For Unaty Daniel (37), becoming a chef was never something she planned, although her grandmother worked in the culinary industry. Before finding something that she actually likes to do, Daniel tried to study electrical engineering and worked as a waitress.
Fast forward a few years later and she owns a patisserie and bakery. Daniel prepared a dessert true to our African roots – a mopane worm chocolate tree and ginger crumble soil.
Ingredients and Methods:
- 100g dark baking chocolate
- Melt dark chocolate and on a flat surface spread chocolate on baking paper.
- To harden the chocolate, place it over a pot of ice-cold water for 20 seconds.
- Remove and shape like a cylinder. Set aside.
Milk chocolate custard
- 100g cream
- 100g milk
- 40g egg yolks
- 20g sugar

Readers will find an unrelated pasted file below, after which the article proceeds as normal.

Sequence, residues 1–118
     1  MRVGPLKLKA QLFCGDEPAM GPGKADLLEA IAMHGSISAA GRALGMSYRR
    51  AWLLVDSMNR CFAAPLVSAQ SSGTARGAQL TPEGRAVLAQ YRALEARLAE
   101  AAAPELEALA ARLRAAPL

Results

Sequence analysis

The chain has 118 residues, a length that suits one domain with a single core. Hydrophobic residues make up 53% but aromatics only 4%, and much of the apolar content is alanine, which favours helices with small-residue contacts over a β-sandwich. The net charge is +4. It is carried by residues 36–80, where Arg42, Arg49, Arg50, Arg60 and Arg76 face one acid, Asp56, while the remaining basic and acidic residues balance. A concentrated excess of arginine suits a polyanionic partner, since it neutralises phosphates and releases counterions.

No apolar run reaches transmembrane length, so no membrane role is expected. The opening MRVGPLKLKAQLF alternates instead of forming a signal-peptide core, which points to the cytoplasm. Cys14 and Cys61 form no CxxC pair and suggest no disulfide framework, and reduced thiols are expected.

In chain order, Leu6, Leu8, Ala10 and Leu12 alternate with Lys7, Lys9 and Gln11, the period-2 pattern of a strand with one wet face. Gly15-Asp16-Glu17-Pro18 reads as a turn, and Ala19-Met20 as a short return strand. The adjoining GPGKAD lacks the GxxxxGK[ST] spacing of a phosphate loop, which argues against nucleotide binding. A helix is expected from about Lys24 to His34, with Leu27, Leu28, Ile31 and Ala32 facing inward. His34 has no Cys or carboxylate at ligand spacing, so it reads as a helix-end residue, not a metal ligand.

- 138g milk chocolate
- 2 leaves of gelatine
- Soak gelatine leaves in cold water.
- In a pot mix the egg yolks, sugar, milk and cream. Place on the stove to 85°C, while constantly stirring for approximately 5 minutes.
- Drain the gelatine then add it together with the 138g milk chocolate to the hot mixture. Allow to set.
Ginger chocolate soil
- 60g butter
- 50g flour
- 15g finely crushed mopane worms
- 100g ginger powder
- 50g castor sugar
- 10g coco powder
- Pre-heat oven to 180°C.
- Rub all the ‘soil’ ingredients together, placing the mixture in the oven for 8 minutes or until it crumbles.
Coated mopane worms
- 50g mopane worms
- Enough hot water enough to cover all the worms
- Caramel sauce
- Soak mopane worms in hot water for 30 minutes to remove all the dirt.
- Dry with paper a towel and coat with a caramel sauce.
Assembling the tree
- Mint leaves and food glue
- Assemble everything prepared by putting the chocolate soil on a plate and placing the chocolate tree cylinder on top. Fill it with the milk chocolate custard.
- Dust the cylinder with coco powder mixed with finely crushed worms.
- With a food glue stick the mint leaves onto the cylinder.
- Place caramel coated worms around the ‘tree’ and serve.